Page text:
The psychological urge to take certain drugs continues indefinitely for many individuals. A percentage of patients recovering from opioid misuse take therapeutic doses of long-acting opioids for many years before discontinuing use. Others remain on doctor-prescribed doses of medications like methadone for the rest of their lives. These patients do not experience a “high” from methadone treatment, rather, it mitigates the severity of drug cravings and the urge to misuse the drug.

Incorporating healthy lifestyle habits can help patients manage Talwin withdrawals. Mild to moderate exercise can help activate the brain’s healing processes and balance hormone levels. Adrenal insufficiency is a common adverse effect of long-term opioid consumption. Symptoms of adrenal insufficiency include chronic fatigue and brain fog. Adrenal insufficiency occurs when the adrenal gland can’t keep up with the body’s demands for the stress hormone cortisol.

Eating healthy foods can help restore damage that has occurred to organs in the body. The liver is primarily responsible for metabolizing Talwin. Eating plenty of dense, leafy greens can help cleanse the liver and return it to optimal functionality.

Several medications and treatments can help ease the severity of Talwin withdrawals. In a medical setting, intravenous fluids can be administered to ensure adequate hydration. Medications can be given to address specific symptoms of Talwin withdrawals, including nausea, vomiting, headaches, fever, and diarrhea. I.V. fluids can be especially helpful during bouts of nausea, vomiting, and diarrhea to compensate for the fluid loss.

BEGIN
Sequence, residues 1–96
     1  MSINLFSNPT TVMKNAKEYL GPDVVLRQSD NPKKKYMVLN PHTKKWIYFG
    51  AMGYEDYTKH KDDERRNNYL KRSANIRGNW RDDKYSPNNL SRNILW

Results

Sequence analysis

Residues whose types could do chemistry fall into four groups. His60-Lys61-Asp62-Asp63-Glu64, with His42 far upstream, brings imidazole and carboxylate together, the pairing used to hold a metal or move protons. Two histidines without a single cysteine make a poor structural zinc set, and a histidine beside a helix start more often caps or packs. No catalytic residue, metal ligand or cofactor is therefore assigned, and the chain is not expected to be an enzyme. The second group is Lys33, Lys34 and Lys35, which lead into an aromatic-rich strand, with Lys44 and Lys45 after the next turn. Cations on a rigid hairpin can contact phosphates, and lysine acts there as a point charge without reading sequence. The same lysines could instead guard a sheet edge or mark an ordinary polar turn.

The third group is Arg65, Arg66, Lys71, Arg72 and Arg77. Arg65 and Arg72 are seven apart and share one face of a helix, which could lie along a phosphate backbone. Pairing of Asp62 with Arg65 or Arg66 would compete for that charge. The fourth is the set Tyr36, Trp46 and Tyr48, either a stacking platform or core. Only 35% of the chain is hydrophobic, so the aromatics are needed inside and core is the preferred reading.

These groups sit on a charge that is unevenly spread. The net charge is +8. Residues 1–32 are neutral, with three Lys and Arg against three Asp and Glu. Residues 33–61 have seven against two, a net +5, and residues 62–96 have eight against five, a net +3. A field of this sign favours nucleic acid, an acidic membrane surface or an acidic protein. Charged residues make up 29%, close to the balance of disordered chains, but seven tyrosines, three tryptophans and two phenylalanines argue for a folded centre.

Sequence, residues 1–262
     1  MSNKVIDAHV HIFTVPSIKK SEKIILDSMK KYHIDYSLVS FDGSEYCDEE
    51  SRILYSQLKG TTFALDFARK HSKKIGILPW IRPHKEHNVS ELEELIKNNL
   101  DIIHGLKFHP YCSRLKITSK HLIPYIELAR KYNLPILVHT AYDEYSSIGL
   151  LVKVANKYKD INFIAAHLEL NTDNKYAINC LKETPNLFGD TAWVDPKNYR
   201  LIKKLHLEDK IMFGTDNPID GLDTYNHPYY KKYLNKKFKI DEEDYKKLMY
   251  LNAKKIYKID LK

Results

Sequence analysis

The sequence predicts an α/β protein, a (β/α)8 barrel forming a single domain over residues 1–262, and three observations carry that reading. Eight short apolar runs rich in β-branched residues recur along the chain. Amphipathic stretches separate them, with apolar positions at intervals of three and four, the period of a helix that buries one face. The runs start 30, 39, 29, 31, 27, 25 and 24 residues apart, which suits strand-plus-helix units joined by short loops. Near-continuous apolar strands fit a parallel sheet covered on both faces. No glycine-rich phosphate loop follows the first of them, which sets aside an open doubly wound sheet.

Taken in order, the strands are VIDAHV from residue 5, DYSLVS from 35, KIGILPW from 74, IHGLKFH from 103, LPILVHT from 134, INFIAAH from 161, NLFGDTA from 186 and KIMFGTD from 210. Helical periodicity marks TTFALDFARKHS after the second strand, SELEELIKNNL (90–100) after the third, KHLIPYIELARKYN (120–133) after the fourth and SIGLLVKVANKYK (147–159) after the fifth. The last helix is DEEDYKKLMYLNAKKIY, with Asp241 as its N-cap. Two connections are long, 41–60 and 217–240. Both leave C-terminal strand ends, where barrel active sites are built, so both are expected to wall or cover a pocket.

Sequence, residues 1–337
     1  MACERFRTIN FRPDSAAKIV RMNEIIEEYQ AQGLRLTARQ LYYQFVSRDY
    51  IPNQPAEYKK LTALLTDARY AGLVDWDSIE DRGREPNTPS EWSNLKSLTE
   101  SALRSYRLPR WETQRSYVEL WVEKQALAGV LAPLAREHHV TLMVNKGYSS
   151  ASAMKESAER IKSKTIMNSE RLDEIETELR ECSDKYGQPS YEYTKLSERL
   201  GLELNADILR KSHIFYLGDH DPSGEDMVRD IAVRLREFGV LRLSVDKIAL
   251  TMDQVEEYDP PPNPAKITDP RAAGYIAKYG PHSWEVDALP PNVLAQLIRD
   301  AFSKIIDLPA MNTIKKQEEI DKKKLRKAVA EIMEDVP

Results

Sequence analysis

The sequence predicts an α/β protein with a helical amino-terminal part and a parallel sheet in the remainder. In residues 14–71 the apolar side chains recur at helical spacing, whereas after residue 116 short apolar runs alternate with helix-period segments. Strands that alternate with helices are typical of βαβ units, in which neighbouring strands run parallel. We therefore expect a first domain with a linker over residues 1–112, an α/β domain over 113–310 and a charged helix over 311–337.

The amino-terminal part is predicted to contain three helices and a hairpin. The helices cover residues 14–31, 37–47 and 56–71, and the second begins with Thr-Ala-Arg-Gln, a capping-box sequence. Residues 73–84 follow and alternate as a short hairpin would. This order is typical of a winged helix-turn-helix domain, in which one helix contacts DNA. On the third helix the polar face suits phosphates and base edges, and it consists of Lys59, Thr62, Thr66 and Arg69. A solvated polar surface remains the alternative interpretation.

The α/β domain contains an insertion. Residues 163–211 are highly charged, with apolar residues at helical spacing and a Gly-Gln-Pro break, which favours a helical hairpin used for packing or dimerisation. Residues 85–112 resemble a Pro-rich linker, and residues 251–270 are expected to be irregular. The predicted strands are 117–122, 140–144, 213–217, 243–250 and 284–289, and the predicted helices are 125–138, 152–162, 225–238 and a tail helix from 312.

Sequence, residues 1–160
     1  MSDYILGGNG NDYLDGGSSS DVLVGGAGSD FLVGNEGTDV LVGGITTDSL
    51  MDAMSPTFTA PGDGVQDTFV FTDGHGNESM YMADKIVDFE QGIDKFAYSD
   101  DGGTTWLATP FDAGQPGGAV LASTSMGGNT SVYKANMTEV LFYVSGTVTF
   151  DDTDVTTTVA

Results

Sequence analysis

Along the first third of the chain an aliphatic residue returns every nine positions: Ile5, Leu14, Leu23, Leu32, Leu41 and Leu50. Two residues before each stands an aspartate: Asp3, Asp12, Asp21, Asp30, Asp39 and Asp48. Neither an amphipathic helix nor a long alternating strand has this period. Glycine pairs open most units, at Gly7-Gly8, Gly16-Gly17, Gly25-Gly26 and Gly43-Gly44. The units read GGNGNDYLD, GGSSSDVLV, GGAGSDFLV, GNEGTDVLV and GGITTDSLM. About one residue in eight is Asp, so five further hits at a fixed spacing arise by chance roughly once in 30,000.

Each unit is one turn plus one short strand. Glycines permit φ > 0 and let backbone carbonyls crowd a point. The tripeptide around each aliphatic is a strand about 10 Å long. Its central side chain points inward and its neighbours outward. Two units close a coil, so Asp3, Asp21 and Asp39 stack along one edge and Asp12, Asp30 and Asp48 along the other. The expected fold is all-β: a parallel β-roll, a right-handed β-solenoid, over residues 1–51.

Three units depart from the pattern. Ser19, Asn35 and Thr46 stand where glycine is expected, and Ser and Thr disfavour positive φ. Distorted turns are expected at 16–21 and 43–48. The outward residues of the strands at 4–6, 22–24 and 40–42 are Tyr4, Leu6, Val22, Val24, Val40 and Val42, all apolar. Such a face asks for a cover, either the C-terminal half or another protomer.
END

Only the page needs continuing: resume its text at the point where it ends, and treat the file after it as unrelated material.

Opioid replacement therapy can significantly reduce the severity of drug cravings. Talwin is often replaced with longer-acting opioids that have slower onset and milder withdrawal symptoms. Doses are gradually reduced over time until the patient is ready to switch to long-term therapeutic opioids like buprenorphine or methadone.

Following medical detox, patients will have the option of enrolling in a drug treatment program. Inpatient recovery therapy typically last four weeks. Patients participate in therapy sessions with other individuals who are recovering from substance use disorders. Inpatient therapy provides patients with an environment that’s free from the temptation to take drugs so that they can focus on recovery.

If you or someone you love is struggling with opioid misuse, The Recovery Village is available to answer any questions you may have. Visit us online at www.TheRecoveryVillage.com or call our toll-free hotline at 855-548-9825 for information about recovery programs in your area. Recovery begins with a phone call, make yours today.

Medical Disclaimer: The Recovery Village aims to improve the quality of life for people struggling with a substance use or mental health disorder with fact-based content about the nature of behavioral health conditions, treatment options and their related outcomes. We publish material that is researched, cited, edited and reviewed by licensed medical professionals. The information we provide is not intended to be a substitute for professional medical advice, diagnosis or treatment. It should not be used in place of the advice of your physician or other qualified healthcare provider.